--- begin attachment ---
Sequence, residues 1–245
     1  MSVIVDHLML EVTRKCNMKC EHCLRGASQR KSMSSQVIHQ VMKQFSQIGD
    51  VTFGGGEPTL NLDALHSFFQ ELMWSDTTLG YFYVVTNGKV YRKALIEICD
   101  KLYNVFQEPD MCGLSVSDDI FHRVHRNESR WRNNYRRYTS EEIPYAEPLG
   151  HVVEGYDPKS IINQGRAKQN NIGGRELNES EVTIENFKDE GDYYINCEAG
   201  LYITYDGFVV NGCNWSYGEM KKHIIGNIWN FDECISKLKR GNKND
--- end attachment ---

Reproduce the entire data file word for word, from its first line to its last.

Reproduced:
Sequence, residues 1–245
     1  MSVIVDHLML EVTRKCNMKC EHCLRGASQR KSMSSQVIHQ VMKQFSQIGD
    51  VTFGGGEPTL NLDALHSFFQ ELMWSDTTLG YFYVVTNGKV YRKALIEICD
   101  KLYNVFQEPD MCGLSVSDDI FHRVHRNESR WRNNYRRYTS EEIPYAEPLG
   151  HVVEGYDPKS IINQGRAKQN NIGGRELNES EVTIENFKDE GDYYINCEAG
   201  LYITYDGFVV NGCNWSYGEM KKHIIGNIWN FDECISKLKR GNKND